Tuesday, May 16, 2006

The Baltimore Examiner

I am not an avid reader of the Baltimore Examiner daily tabloid newspaper. The paper does not go far into depth, the politics of the editorial staff are atrocious and its another cog in the syndicated Examiner machine. I first became aware of the Examiner's politics when they published advertisements for the San Francisco version showing a picture of a young white girl in school and a young Arab girl with an AK-47 with the words "PTA to PLO / No Local Newspaper Has Ever Delivered News Of This Scope." The original ad and an analysis are published here.

This ad caused quite a reaction, with local Arab groups pointing out that this undated, unsigned photo was likely taken in refugee camps decades ago. An anonymous photo with no context and strong comment amounted to a racist stereotype of Palestinians, in the eyes of San Franciscans. Since the photo was not new, it was hardly "news" as the ad claimed. The Examiner pulled the ad from the Bay area market, but republished it in DC when the Washington Examiner was started. If the ad was racist in San Francisco, it should have been racist in DC. But the Examiner was only interested in its PR campaign rather than questions about journalistic integrity of a newspaper. This was the reputation that the Examiner carried with it to Baltimore.

However, my grandmother points out that the paper scooped up some reporters from The Sun since its parent, the Tribune Company, has been increasingly using its syndicated columnists and reporters over local voices. The length of the paper also make it good bus and toilet reading material.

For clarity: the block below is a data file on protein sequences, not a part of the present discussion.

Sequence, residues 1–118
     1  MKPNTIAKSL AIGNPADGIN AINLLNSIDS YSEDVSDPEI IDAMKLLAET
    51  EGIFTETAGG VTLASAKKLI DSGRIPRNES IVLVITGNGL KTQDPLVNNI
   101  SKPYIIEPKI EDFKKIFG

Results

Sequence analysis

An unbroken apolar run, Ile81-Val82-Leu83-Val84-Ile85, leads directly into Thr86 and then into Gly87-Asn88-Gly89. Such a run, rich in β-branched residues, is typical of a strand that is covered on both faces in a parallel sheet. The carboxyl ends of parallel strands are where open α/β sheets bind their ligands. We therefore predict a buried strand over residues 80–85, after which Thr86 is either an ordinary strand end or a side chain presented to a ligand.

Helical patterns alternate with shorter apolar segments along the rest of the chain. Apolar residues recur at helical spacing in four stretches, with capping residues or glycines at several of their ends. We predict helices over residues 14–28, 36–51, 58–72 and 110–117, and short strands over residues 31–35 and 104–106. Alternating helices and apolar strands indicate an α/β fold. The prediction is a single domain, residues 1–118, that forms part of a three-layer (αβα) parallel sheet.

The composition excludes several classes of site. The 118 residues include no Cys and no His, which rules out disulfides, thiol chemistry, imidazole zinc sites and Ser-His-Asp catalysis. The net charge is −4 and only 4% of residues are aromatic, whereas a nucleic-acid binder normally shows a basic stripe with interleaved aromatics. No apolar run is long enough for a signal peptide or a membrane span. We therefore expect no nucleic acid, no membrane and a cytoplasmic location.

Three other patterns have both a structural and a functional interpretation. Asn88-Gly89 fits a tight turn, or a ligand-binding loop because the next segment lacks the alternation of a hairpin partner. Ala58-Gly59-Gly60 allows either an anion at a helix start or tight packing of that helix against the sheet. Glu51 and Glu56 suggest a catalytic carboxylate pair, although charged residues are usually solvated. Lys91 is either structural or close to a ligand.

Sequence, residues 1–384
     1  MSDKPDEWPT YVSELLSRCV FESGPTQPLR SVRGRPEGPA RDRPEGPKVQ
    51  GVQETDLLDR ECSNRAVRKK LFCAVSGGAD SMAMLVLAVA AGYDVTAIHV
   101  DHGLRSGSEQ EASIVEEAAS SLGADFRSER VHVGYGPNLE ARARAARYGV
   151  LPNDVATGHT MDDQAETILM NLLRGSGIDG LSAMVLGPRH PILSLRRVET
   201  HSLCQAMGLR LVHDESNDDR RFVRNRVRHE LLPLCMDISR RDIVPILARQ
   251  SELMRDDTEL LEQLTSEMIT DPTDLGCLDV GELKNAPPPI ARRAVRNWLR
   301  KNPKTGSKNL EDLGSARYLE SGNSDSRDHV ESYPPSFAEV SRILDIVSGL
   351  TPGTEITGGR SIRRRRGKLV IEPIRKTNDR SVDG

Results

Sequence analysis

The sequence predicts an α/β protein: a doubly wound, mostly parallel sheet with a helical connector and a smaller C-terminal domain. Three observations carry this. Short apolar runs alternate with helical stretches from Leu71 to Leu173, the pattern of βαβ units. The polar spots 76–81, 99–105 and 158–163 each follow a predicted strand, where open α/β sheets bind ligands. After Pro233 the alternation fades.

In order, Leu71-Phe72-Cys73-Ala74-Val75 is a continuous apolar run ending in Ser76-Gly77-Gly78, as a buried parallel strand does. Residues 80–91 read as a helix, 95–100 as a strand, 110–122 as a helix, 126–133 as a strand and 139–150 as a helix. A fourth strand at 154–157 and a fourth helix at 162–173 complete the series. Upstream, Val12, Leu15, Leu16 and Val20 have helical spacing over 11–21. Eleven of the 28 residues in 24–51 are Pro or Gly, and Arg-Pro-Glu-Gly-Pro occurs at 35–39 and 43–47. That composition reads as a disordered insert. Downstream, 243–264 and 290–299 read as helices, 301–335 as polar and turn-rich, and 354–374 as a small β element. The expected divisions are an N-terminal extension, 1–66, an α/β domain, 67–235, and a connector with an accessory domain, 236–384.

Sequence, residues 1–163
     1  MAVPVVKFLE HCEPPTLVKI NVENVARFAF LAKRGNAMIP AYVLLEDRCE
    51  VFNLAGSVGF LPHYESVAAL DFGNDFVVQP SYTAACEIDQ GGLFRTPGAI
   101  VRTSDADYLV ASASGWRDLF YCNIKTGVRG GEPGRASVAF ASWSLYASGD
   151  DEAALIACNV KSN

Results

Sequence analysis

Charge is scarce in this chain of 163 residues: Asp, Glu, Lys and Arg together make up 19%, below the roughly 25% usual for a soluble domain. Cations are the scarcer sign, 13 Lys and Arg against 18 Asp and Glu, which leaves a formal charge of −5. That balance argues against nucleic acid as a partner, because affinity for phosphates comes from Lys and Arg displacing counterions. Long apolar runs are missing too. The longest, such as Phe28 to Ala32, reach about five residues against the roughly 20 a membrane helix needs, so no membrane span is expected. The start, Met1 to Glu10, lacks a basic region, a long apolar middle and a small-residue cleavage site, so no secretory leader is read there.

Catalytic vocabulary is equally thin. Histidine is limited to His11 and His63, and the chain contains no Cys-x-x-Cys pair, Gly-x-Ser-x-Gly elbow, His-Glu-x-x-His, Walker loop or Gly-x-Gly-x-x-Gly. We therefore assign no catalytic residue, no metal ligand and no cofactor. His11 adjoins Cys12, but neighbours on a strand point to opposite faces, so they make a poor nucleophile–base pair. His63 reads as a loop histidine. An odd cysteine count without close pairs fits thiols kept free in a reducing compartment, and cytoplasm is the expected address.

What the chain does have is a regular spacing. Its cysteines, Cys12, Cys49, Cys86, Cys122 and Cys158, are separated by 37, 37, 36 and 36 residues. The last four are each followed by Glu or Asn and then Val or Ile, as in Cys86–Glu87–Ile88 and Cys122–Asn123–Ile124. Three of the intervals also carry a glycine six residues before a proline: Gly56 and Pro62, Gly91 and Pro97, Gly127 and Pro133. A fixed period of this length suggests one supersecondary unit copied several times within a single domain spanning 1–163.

So I picked up a copy on my way to work on May 9th, and was not surprised to find an editorial calling for health care reforms based on suggestions from the American Enterprise Institute, without any mention of the neo-conservative ideology of the organization. The column, written by the editor of the Capitol Hill publication Roll Call Morton Kondracke is available here.

I wrote a response published, which was way too long for the 150 word max. I will publish it in full at the bottom of this post.

Most of my edited response was published by the Examiner here.

Though the following two key sentences were deleted.
"[Kondracke's] analysis is at best poor journalism, at worst rightist propaganda and it reflects poorly on the journalistic credibility of the Examiner."

I think those were crucial sentences. While its always good to have a second paper in a market like Baltimore, I am not confident that the presence of one of the Examiner's many tentacles will make up for the declining quality of the Baltimore Sun. A better sign (however humble) is the introduction of the Indypendent Reader, a project of the Baltimore Indypendent Center and Camp Baltimore. The first quarterly issue focuses on the creation of the ghetto, gentrification, and community power. One highlight is an interview with McElderry Park community association president (and green party candidate for city council) Glen Ross.

1 comment :

Lori said...

It's about time someone else writes about this paper. I wrote about it the day it arrived. I also signed up for the sun to be delivered to my home the very same day.